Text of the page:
The Standing Committee of the Anglican Communion (SCAC) is a new creation. The Anglican Consultative Council (ACC) is a charity in English law and the Standing Committee are its trustees. As trustees they have plenary responsibility for the whole charity, not least its money. Over the last few years the charity has agreed to become a company as well.
In the first draft of the Covenant, power of interpretation was vested in the Primates' Meeting. This attracted considerable criticism and in the final version the SCAC is responsible for administering the Covenant processes, for determining whether an action is 'incompatible with the Covenant' and for making recommendations to member Churches or (not 'and') the Instruments of Communion as to the 'relational consequences' that might follow (§4.2).
The old constitution gave its Standing Committee full powers except any specifically reserved to the full ACC. It briefly became a Joint Standing Committee of the ACC and the Primates' Meeting but what powers were granted to the Joint Committee by the Primates' Meeting is not currently public knowledge. It seems improbable that the new constitution will have lessened its power.
The effect of the Covenant, therefore, is first and foremost to add new powers to the SCAC and powers which have not been granted to it by the ACC or the Primates' Meeting it will have in its own right. These are:
a duty 'to monitor the functioning of the Covenant in the life of the Anglican Communion on behalf of the Instruments' (§4.2.2).
a duty to receive a referral of a matter which bilateral talks, mediation or other steps have not led to a 'shared mind' and, on receiving the referral,
a duty to take steps to 'facilitate agreement' between the parties involved (§4.2.4). Should that fail
the SCAC shall, 'where appropriate' seek the advice of the ACC and Primates' Meeting (§4.2.4).
The SCAC may request a Church defer an action and, if it declines, it may 'recommend to any Instrument of Communion relational consequences which may specify a provisional limitation of participation in, or suspension from, that Instrument' (§4.2.5), and
it may 'make a declaration that an action or decision is or would be "incompatible with the Covenant"' on the basis of advice from the ACC and Primates' Meeting (§4.2.6), and on that basis also the SCAC shall make recommendations as to the 'relational consequences' that will follow:
These recommendations may be addressed to the Churches of the Anglican Communion or to the Instruments of the Communion and address the extent to which the decision of any covenanting Church impairs or limits the communion between that Church and the other Churches of the Communion, and the practical consequences of such impairment or limitation. Each Church or each Instrument shall determine whether or not to accept such recommendations. (§4.2.7)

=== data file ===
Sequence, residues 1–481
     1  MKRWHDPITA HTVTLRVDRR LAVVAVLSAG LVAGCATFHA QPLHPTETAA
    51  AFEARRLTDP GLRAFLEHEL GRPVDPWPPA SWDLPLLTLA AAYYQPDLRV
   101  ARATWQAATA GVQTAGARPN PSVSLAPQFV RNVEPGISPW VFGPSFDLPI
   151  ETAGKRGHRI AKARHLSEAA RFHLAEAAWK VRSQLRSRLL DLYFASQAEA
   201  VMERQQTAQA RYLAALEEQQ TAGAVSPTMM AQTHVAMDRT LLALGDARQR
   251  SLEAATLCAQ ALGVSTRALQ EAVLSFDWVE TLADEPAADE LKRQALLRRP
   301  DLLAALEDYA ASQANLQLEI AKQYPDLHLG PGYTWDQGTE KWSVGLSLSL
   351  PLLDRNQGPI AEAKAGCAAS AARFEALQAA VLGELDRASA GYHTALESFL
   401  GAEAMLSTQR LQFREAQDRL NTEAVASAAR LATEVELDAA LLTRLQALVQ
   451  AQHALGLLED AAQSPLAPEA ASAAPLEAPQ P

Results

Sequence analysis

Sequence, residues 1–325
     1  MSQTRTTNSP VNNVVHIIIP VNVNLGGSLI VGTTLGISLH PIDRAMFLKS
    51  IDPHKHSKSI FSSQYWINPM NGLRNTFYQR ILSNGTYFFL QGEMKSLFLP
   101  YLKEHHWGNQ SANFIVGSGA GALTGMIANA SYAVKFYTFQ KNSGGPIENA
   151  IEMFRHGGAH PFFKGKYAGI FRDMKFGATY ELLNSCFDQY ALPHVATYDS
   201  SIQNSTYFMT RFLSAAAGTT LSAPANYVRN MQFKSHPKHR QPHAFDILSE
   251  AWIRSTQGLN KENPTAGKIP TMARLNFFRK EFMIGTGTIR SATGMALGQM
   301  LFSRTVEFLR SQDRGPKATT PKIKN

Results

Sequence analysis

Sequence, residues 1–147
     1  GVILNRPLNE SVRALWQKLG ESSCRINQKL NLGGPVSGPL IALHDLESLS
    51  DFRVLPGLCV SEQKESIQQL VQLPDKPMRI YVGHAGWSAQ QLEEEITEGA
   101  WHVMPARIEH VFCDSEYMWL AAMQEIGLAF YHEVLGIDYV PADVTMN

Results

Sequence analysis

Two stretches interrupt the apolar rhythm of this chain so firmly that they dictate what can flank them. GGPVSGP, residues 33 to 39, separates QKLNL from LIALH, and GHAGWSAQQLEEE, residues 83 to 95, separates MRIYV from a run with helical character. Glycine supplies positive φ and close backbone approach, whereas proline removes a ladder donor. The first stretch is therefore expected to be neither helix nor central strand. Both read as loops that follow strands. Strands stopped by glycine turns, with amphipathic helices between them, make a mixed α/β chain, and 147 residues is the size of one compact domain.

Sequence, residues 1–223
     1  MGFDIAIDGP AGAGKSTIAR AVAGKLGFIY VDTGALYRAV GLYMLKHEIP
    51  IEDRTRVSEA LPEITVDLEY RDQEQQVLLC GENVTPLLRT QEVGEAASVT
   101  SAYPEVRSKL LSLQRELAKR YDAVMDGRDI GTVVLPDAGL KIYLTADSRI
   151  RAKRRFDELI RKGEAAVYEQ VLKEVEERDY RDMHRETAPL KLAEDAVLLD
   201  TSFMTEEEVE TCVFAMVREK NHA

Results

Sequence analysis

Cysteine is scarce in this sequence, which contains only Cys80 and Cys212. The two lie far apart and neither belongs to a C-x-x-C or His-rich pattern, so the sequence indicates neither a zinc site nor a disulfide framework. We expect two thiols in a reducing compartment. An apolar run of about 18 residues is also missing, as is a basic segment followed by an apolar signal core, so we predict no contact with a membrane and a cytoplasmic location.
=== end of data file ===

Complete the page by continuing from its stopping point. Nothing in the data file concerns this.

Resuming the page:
Together these are formidable powers of governance not least because a considerable range of lesser powers will flow from the fact that the SCAC holds these greater powers in reserve. Clearly there is a potential for tension between the Primates' Meeting, ACC and the SCAC in these structures but membership is strongly overlapping and the conventions of confidentiality strong so any differences are likely to be minimised and kept private.
[Further reading on the Standing Committee]
The full text of the Anglican Covenant contains a brief preamble and four sections:
Section 1 affirms basic Anglican beliefs and commitments and Section 2 commits churches to shared mission and service. Section 3 establishes the authority of the four Instruments of Communion. These are the Archbishop of Canterbury, the Lambeth Conferences of bishops, The Anglican Consultative Council (made up of representatives of the provinces) and the Primates' Meetings. It then focuses on how to keep the Communion united. Churches must 'have regard for the common good of the Communion in the exercise of its autonomy', 'respect the constitutional autonomy of all of the Churches', 'spend time with openness and patience in matters of theological debate and reflection', 'seek a shared mind with other Churches', 'participate in mediated conversations', 'act with diligence, care and caution in respect of any action which may provoke controversy, which by its intensity, substance or extent could threaten the unity of the Communion', 'uphold the highest degree of communion possible' and 'uphold the highest degree of communion possible' at times of conflict.
It is Section 4, the process for conflict resolution, which is the controversial part. When a 'shared mind' is not attained the matter is referred to the Standing Committee of the Anglican Communion. This is an international body consisting partly of primates and partly of members of the Anglican Consultative Council. About the Standing Committee.
The Standing Committee is to attempt to negotiate agreement and if this fails, request a church to defer the relevant action. If this too fails it is to recommend 'relational consequences which flow from an action incompatible with the Covenant'. A 'relational consequence' would characteristically be to exclude a province from an international function (as has already been done in anticipation of the Covenant). A province's bishops might be excluded from Lambeth Conferences. A list of possible actions was published in the 2008 Lambeth Commentary (see page 25).